If Social Security Were Really a Trust Fund “There Would Be Lawsuits Everywhere”

If Social Security Were Really a Trust Fund There Would Be Lawsuits Everywhere

If Social Security were one of your private investments, instead of an entitlement, you might actually look for other options.

Here’s why.

Social Security Trust Fund APY by month

Nominal Interest Rates On Special Issues in APY. From the Office of the Chief Actuary, Social Security Administration.

Since 2000, the Social Security Trust Fund has consistently been earning a lower and lower return on investment each year. From April 2020 to January of this year the tax dollars you contribute to that fund have earned less than 1%.

You can see 2020’s performance reflected on the official interest rate chart to the right. Note these are APY measures, just like those reported on bonds or CDs.

To put this paltry performance into perspective, you can easily find savings accounts that come close to matching recent Social Security Trust Fund performance by offering 0.5% APY. Or 3-year CD rates that actually beat the trust fund’s performance almost half the time.

Most pension plans seem to be performing better than Social Security (and they still needed bailouts).

“So far in 2021 the fund’s returns have been less than the rate of inflation,” writes Brett Arends for MarketWatch.

The Social Security fund desperately needs someone to address its imminent shortfalls before 2034.

Arends highlights one way to think about the poor performance of the Social Security program, which comes in exchange for your involuntary, mandatory 12.4% annual tax contribution (between you and your employer):

If the Social Security trust fund were a mutual fund it would be wound down. If this were a private sector pension fund there would be lawsuits everywhere.

It also appears the funding gap for the fund increases at a faster rate than even some of the worst pension programs.

According to the 276-page 2020 Social Security Trustees report, this year’s funding gap is enormous, and a staggering 20.8% higher than just last year:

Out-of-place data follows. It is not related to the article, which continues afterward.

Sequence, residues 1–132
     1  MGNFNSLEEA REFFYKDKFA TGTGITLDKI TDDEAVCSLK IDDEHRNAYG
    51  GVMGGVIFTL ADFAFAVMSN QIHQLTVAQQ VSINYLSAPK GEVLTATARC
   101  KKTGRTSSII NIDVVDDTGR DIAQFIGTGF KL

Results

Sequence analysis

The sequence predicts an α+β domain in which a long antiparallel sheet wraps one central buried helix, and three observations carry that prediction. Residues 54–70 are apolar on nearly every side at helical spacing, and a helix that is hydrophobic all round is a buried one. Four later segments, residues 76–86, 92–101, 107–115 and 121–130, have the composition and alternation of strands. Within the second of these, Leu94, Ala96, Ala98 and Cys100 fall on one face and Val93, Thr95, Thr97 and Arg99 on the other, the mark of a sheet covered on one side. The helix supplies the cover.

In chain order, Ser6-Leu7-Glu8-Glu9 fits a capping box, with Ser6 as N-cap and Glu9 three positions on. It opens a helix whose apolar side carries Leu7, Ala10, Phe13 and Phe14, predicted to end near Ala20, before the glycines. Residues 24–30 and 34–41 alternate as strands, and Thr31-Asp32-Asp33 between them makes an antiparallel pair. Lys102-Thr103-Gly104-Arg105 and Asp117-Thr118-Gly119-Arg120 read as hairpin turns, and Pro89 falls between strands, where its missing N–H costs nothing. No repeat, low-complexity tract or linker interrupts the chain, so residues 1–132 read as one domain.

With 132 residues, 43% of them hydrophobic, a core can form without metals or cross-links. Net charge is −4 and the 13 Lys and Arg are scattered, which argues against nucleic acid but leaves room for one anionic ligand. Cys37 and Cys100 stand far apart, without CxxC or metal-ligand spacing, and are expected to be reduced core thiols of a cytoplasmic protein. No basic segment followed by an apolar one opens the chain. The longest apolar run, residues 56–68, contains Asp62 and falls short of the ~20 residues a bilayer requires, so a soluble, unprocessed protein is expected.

The open-group unfunded obligation for OASDI over the 75-year period is $16.8 trillion in present value and is $2.9 trillion more than the measured level of $13.9 trillion a year ago.

That unfunded obligation equals about $50,602 per person in the U.S. To think about it another way, it’s about 78.4% of the current GDP.

And it gets a bit worse…

“Trust” Could Be Too Strong of a Term to Describe the Fund

It’s a good thing the Social Security Trust Fund isn’t a private retirement fund, because the word “trust” might be too strong.

According to the Heritage Foundation, here’s the difference between a real trust fund and the Social Security trust:

Private-sector trust funds invest in real assets… However, the Social Security trust funds are only “invested” in a special type of Treasury bond that can only be issued to and redeemed by the Social Security Administration. [emphasis added]

Maybe that’s why the rate of return is so small? It’s also quite odd that Social Security seems to put all its eggs in one basket (even though it’s a large basket)… Maybe they haven’t seen the SEC’s advice on the magic of diversification.

The Social Security Trust Fund’s apparent investment philosophy leads some experts to classify the fund as a sort of Ponzi scheme: “…essentially the government is borrowing from and paying interest to itself, making the interest process somewhat moot.”

Here’s what a Social Security Advisory Council report has to say:

While we do not agree with many of the characterizations of Social Security as nothing more than a Ponzi scheme, we can understand why some citizens might resort to such characterizations when they see proposals of this sort. [emphasis added]

So, let’s review… The “trust fund” faces a few challenges:

  • Below-inflation returns
  • Yields barely competitive with savings accounts and CDs
  • A decidedly subpar performance record (if the trust fund was “a private sector pension fund there would be lawsuits everywhere”)
  • Arguably in even worse shape than recently-bailed-out pension funds
  • An astonishing lack of diversification, counting on one big basket for all its remaining eggs
  • An advisory council that admits it can “understand why some citizens might” call it a Ponzi scheme

MarketWatch’s Arends summarizes the situation like this: “242 million Americans are forced to pin their retirement hopes on a system that is being knowingly left in crisis by those in charge.”

Perhaps these concerns might give some perspective to Social Security’s role in your retirement plans.

Don’t Pin Your Retirement’s Success Solely on Social Security

Quite possibly the only good news about Social Security is, you have the option not to rely on its success to enjoy your retirement.

In such an uncertain environment, consider following the advice of many personal finance experts: save as much money as you can, diversify your savings, and don’t forget to fortify your nest egg with precious metals. Both gold and silver can provide both stability and protection against inflation for your hard-earned savings regardless of whether the Social Security Trust Fund keeps pace over the next decades.

2021, Featured, inflation, retirement, retirement savings, social security